By Gregory K. Laughlin
This year offers a fitting opportunity to look back at two pivotal events in the life of the broader Christian community and in the moral and social life of the United States. Eighty years ago, and forty-five years ago this summer, respectively, were dates that changed the course of human history. A bit of background: In 1908 the world's Anglican bishops, meeting at their periodic Lambeth Conference, enacted a resolution that expressed "alarm" at the "growing practice of the artificial restriction of the family, and earnestly call[ed] upon all Christian people to discountenance the use of all artificial means of restriction as demoralising to character and hostile to national welfare." Twelve years later, in 1920, the Anglican Communion again affirmed consistent Christian teaching by "utter[ing] an emphatic warning against the use of unnatural means for the avoidance of conception." Yet, a mere ten years after that, in 1930, the Anglican bishops gathered again at Lambeth Palace and there, by a majority of 193 to 67, approved Resolution 15, which read, in part:
Where there is clearly felt moral obligation to limit or avoid parenthood, the method must be decided on Christian principles. The primary and obvious method is complete abstinence from intercourse (as far as may be necessary) in a life of discipline and self-control lived in the power of the Holy Spirit. Nevertheless in those cases where there is such a clearly felt moral obligation to limit or avoid parenthood, and where there is a morally sound reason for avoiding complete abstinence, the Conference agrees that other methods may be used.Then, in 1965, thirty-five years after that fateful Lambeth Conference, the U.S. Supreme Court, in Griswold v. Connecticut, struck down as unconstitutional the last remaining state laws prohibiting the use of contraceptives by married couples, finding for the first time a "right to privacy" located in "penumbras, formed by emanations from [the] guarantees" contained in the Bill of Rights. Griswold and its "right to privacy" has been relied upon repeatedly to strike down, among other laws, statutes restricting access to contraceptives by unmarried adults (Eisenstadt v. Baird) and unmarried minors (Carey v. Population Services), and statutes criminalizing abortion (Roe v. Wade) and sodomy (Lawrence v. Texas). It has also been relied upon by state courts, which have recognized a right of members of the same sex to "marry" (e.g., Goodridge v. Dept. of Public Health).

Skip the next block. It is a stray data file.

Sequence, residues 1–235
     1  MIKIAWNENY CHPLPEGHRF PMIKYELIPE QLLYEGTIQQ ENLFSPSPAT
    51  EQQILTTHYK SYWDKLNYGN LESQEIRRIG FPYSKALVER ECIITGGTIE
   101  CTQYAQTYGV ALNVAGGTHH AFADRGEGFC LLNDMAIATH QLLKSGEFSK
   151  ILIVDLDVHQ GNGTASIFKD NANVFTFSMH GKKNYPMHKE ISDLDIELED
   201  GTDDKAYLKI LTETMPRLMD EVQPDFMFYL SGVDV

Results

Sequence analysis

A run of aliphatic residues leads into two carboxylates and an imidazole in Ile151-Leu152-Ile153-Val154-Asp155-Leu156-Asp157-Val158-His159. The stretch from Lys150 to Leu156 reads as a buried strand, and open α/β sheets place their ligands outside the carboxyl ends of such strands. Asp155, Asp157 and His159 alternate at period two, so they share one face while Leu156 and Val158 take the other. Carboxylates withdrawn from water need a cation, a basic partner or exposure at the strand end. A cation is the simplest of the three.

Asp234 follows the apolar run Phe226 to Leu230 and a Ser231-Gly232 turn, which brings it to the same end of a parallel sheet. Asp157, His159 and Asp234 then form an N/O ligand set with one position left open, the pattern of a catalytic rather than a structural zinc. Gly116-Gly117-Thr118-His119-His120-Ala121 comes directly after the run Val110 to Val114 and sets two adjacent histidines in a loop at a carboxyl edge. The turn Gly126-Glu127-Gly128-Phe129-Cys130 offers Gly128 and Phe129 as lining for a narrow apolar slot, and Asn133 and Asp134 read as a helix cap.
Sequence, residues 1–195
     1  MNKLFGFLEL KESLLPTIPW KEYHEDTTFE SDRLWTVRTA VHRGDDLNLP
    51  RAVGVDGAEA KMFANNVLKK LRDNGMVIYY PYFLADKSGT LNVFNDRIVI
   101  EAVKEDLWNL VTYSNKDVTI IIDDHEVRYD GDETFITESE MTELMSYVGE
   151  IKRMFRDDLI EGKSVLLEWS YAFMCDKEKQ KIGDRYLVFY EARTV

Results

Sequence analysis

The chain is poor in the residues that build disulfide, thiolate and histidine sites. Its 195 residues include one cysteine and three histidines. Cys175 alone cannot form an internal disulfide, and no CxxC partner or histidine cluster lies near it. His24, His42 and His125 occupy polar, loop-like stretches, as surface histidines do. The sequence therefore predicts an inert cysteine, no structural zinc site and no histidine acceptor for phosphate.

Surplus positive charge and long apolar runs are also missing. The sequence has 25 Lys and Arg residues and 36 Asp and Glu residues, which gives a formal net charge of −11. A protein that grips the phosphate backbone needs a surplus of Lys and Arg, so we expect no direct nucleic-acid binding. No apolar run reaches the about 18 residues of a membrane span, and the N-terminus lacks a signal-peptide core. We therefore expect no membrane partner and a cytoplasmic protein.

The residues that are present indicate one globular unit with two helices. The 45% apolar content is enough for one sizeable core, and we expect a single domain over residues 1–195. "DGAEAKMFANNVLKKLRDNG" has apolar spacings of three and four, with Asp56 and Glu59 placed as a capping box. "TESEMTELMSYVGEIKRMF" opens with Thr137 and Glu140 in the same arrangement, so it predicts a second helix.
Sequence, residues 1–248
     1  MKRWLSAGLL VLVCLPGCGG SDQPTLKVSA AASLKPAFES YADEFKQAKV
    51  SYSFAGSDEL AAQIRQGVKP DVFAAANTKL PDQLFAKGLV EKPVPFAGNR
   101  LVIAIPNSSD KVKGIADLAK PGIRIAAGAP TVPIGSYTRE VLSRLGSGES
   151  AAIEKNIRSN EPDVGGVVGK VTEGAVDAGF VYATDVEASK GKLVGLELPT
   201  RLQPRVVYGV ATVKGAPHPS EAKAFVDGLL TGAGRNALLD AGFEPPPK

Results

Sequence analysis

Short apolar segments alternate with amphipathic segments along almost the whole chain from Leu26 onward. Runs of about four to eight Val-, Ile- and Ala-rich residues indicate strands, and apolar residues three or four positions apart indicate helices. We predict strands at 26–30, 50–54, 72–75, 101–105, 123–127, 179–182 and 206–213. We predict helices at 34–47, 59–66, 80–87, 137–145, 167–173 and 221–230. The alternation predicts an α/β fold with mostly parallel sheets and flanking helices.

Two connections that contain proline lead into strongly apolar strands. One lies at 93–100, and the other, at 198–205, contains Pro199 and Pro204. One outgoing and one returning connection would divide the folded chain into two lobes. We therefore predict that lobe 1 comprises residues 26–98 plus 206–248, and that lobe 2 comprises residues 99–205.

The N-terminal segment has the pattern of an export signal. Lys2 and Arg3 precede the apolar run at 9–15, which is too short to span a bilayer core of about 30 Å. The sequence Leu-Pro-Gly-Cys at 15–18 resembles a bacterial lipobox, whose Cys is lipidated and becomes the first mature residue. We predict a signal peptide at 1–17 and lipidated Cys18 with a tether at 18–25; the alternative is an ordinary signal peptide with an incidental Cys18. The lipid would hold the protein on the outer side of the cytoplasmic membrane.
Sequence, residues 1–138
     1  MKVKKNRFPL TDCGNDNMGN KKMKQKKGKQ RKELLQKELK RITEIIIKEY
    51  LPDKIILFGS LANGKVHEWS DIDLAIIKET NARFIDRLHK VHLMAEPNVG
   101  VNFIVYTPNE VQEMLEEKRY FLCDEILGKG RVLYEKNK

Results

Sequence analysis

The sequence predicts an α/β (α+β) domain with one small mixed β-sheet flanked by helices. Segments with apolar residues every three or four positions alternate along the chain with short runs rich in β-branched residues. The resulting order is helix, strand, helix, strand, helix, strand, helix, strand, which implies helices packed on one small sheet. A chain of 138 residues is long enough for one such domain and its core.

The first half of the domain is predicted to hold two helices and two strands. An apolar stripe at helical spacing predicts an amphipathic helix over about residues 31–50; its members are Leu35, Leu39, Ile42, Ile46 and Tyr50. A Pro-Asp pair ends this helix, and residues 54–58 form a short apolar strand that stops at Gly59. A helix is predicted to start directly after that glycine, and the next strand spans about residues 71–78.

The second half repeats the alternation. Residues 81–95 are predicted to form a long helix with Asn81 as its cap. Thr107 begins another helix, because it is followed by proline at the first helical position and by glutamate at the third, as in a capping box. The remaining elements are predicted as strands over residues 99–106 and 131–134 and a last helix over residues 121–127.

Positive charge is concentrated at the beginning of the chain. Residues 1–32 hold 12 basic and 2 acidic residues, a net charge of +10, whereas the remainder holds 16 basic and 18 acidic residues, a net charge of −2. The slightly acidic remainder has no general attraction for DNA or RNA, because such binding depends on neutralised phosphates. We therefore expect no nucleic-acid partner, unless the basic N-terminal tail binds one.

These twin anniversaries — 1930 and 1965 — offer an appropriate opportunity to consider the misgivings of two prominent Anglicans with regard to the use of contraceptives and with the actions taken by the Anglican bishops gathered at Lambeth Palace eighty summers ago. While neither Anglican writer was willing to condemn the use of contraceptives explicitly, both recognized that serious moral issues were at stake. As we live today in a world ravaged by the tragic consequences of these two pivotal events, we would do well to ponder their words.
In the preface to Mere Christianity, C.S. Lewis wrote, "Ever since I served as an infantryman in the first world war I have had a great dislike of people who, themselves in ease and safety, issue exhortations to men in the front line. As a result I have a reluctance to say much about temptations to which I myself am not exposed." One of these was the use of contraception. "I am not a woman nor even a married man, nor am I a priest. I did not think it my place to take a firm line about pains, dangers and expenses from which I am protected; having no pastoral office which obliged me to do so."
In a letter to his brother, Warren, in 1931, Lewis expressed a similar sentiment, writing, "We had tea at Wheatley, Barfield denouncing birth control. I could not help thinking, though I hardly cared to say, that a man married to an obviously barren woman was in this matter an arm chair critic." In a letter to Mrs. E.L. Baxterin in 1947, he wrote that he had never taken "a general position about contraception. As a bachelor I think I shd. be imprudent in attacking it: on the other hand I shd. not like the job of defending it against almost unbroken Xtian disapproval. But it isn't my business." And in another letter, addressed to a Mrs. Johnson nine years later, he wrote simply, "Birth control I won't give a view on; I'm certainly not prepared to say that it is always wrong."